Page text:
Good directors can take a script filled with strong characters, a good plot, and create a cinematic classic. Skilled directors such as Alfred Hitchcock, Orson Welles, Steven Spielberg, and Martin Scorsese have captured our imagination with original stories countless times. Residing on the other end of that spectrum are directors who seem determined to churn out one mindless by-the-numbers effort after another. Most movie audiences don't have enough common sense to avoid the garbage produced by these directors–which explains why they still find work after all these years. These seven directors rank as the worst among this mediocre bunch that keeping popping up behind the camera
1. Jason Friedberg and Aaron Seltzer:
When done right, good satire can generate plenty of laughs by poking fun at pop culture, popular movies and TV shows while creating a story that can stand on its own. “Airplane” and “The Naked Gun” offer perfect examples of how to do spoof movies. Friedberg and Seltzer offer textbook examples on how to do them wrong. Starting with their 2006 debut, “Date Movie,” the pair have churned out one unfunny spoof after another. They show no signs of stopping. The duo are set to direct an “Avatar” spoof–“The Biggest Movie of All Time 3D”–set to be released in 2012.
2. Uwe Boll:
Video games do not translate well onto the big screen as a general rule. Movies from “Mortal Kombat” to “Doom” offer plenty evidence of that reality. Boll has a special gift for taking popular video games and creating movies that are thoroughly unwatchable. Bad camerawork, terrible acting, and inane plots are central features of Boll films like “House of the Dead” and “BloodRayne.” Just don't let him know you think his movies suck. He challenges critics to boxing matches.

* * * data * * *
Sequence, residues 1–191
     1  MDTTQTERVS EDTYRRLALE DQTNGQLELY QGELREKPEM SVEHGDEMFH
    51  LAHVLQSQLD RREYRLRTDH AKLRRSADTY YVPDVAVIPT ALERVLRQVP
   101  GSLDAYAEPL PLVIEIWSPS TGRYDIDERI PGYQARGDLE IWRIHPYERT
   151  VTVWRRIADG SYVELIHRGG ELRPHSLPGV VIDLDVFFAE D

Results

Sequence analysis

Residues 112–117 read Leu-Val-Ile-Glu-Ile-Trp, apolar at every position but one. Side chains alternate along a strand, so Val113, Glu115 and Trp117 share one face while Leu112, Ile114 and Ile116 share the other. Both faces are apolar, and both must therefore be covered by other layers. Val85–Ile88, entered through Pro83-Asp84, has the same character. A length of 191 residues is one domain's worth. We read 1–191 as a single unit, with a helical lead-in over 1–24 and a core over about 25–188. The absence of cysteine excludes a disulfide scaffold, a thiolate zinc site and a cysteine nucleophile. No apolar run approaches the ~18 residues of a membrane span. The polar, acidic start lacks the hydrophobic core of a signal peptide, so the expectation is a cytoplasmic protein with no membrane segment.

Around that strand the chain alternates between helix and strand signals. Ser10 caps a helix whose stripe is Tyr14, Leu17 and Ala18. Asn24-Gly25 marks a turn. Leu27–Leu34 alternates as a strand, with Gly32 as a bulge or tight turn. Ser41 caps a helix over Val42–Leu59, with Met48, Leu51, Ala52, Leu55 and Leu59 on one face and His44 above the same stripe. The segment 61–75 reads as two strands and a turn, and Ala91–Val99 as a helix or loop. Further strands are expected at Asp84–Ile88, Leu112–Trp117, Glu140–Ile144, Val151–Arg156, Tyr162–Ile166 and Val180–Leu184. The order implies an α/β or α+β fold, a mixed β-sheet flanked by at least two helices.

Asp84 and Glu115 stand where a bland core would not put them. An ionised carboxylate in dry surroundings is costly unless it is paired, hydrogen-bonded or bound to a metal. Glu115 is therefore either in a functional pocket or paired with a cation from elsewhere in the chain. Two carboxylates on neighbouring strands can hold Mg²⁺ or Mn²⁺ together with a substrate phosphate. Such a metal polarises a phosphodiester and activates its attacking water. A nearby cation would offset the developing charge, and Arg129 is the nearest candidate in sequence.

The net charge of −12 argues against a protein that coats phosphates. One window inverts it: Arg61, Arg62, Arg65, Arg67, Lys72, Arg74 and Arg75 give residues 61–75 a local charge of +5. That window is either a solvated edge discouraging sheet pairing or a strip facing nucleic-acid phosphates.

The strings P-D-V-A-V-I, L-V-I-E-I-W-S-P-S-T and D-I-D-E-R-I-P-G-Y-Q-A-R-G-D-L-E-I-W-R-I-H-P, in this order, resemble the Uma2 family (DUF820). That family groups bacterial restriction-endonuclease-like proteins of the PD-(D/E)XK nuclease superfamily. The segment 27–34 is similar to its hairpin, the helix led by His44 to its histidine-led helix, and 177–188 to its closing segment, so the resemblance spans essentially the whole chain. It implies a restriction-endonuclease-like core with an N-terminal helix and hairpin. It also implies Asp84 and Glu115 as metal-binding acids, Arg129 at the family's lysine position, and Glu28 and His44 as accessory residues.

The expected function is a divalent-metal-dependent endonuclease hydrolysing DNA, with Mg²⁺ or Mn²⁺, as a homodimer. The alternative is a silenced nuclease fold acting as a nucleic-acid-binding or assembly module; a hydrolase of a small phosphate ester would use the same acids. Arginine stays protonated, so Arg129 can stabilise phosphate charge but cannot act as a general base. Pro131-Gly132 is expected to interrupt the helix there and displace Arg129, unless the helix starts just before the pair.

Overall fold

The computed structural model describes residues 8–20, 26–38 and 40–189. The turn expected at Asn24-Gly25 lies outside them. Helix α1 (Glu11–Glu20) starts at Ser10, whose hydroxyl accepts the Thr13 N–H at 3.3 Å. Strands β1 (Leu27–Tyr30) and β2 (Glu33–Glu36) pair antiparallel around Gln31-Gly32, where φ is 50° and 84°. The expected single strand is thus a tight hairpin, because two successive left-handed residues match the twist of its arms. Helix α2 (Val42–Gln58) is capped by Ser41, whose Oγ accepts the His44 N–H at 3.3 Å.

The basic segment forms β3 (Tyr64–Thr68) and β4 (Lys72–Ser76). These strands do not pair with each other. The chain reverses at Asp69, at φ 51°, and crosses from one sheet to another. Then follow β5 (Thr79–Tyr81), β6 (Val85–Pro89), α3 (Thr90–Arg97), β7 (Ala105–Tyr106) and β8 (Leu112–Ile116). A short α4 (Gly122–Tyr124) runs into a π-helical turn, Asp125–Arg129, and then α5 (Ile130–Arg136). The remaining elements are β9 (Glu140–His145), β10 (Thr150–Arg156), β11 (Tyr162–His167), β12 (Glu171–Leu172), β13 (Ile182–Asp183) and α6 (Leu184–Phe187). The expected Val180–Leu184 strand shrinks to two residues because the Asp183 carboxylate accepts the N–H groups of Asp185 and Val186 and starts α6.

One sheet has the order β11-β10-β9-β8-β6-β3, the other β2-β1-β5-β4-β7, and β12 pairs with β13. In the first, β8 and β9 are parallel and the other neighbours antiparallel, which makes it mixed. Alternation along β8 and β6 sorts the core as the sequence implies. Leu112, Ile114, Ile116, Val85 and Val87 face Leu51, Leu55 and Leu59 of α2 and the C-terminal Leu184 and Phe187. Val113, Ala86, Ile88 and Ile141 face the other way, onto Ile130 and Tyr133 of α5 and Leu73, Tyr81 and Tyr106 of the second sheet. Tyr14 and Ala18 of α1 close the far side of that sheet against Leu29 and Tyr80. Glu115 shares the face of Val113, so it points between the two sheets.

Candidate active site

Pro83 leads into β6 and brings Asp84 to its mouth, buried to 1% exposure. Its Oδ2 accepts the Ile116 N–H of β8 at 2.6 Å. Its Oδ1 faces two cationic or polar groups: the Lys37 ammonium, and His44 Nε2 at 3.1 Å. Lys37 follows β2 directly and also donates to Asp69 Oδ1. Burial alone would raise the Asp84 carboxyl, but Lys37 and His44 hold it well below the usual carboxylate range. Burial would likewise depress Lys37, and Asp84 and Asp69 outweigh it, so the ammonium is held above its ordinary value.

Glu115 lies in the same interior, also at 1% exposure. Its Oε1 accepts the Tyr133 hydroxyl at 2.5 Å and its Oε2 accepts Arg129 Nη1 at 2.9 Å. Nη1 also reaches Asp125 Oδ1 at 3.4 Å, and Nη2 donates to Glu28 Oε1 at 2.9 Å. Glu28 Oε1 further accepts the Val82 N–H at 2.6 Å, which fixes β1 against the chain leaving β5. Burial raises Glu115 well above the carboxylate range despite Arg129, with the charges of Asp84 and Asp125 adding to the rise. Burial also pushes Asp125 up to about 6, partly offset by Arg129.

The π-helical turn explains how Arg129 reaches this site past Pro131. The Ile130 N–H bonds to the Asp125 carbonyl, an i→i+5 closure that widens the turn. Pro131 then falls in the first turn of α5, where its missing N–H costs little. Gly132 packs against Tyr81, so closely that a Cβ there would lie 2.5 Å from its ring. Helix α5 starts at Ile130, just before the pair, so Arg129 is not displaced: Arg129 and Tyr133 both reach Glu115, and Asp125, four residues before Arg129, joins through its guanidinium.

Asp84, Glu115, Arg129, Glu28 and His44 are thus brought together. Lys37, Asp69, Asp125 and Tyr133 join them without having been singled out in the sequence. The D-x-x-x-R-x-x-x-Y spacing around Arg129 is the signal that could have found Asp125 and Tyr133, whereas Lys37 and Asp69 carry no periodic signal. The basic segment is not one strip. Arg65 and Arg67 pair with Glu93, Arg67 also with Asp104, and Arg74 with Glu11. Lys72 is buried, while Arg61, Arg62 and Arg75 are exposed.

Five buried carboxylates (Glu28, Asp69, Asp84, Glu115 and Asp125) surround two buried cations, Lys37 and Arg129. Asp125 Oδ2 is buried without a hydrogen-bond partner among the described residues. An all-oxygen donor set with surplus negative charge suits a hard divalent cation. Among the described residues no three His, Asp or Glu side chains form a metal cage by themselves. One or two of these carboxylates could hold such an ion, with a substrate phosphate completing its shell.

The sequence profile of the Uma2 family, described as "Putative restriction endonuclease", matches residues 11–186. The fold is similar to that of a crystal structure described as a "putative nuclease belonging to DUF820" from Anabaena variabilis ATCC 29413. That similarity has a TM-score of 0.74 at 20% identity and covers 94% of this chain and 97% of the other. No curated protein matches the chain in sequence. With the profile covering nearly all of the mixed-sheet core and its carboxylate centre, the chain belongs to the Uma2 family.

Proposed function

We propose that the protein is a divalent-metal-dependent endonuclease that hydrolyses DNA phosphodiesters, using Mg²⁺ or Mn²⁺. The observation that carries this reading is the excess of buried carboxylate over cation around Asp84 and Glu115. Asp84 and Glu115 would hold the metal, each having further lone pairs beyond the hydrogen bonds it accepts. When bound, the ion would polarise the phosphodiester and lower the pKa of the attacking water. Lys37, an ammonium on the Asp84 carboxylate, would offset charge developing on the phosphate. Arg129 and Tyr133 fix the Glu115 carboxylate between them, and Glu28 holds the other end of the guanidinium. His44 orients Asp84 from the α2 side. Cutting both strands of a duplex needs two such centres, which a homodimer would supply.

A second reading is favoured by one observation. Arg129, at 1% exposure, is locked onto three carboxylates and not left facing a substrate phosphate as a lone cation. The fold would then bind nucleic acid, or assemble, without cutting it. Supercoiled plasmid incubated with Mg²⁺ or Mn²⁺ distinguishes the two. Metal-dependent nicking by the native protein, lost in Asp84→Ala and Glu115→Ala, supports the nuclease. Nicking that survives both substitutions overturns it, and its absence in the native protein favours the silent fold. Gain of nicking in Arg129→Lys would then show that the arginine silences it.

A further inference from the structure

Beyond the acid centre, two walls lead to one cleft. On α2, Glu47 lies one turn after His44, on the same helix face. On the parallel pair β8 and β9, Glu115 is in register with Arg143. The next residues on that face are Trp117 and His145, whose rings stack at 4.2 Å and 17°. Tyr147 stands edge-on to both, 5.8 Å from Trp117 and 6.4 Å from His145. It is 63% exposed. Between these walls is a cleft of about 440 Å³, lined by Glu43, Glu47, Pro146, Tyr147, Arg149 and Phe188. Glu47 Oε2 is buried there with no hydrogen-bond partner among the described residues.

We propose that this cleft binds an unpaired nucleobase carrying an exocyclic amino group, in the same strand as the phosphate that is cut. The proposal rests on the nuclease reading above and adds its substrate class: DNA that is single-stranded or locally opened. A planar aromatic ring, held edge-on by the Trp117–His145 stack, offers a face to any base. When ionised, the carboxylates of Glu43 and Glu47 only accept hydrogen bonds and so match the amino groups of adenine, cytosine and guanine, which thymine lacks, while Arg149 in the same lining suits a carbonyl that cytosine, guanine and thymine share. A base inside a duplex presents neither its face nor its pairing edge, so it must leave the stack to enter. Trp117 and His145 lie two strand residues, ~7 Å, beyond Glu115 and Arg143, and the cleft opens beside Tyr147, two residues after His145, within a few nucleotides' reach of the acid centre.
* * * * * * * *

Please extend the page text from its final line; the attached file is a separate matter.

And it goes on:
3. Renny Harlin:
Even when Harlin is involved in decent franchises, the results turn out disappointing. “Die Hard 2” is easily one of the weaker films in the “Die Hard” franchise in terms of plot, characters and everything else. When Harlin helms standalone projects, it results in box-office bombs of epic proportions. “Cutthroat Island” flopped so badly, it effectively ended the careers of Geena Davis and Matthew Modine. “Driven” drove Sylvester Stallone out of the spotlight until “Rocky Balboa” brought him back. “Exorcist: The Beginning” was so bad, an alternate version of the prequel with a different director was released into theaters.
4. Michael Bay:
The awful “Transformers” trilogy underscores the basic formula for a Bay movie. It contains loud action, tons of special effects, cardboard characters, melodramatic plot twists and more plot holes than holes found in Swiss cheese. Watching Bay-directed movies such as “Armageddon” or “Pearl Harbor” is like eating junk food. It might taste good, but you feel unsatisfied after you're finished eating.
5. Dennis Dugan:
Dugan's claim to fame is directing a bunch of low-rate Adam Sandler comedies. He started out well enough with solid efforts like “Happy Gilmore,” but it has all been downhill since that time. Anyone who has seen junk like “You Don't Mess with the Zohan” or “Grown Ups” would agree it is time for him to find a new career path.
6. Roland Emmerich:
Another director from the school of thought that equates visual effect laden movies filmed on a bloated budget with good cinema. Emmerich seems to think audiences just want to see famous landmarks destroyed in spectacular fashion and will ignore bad science, stock characters, inane plot twists and a lack of intelligence that overwhelm virtually every movie he has made from “Independence Day” to “2012.” Judging by the box-office successes of these movies, he might be right.
7. M. Night Shyamalan:
Shyamalan. His twist ending with “The Sixth Sense” helped make it a classic horror movie. Since that time, Shyamalan keeps trying to better that original twist ending. The results ranging from “The Village” to “Lady in the Water” are laughable at best.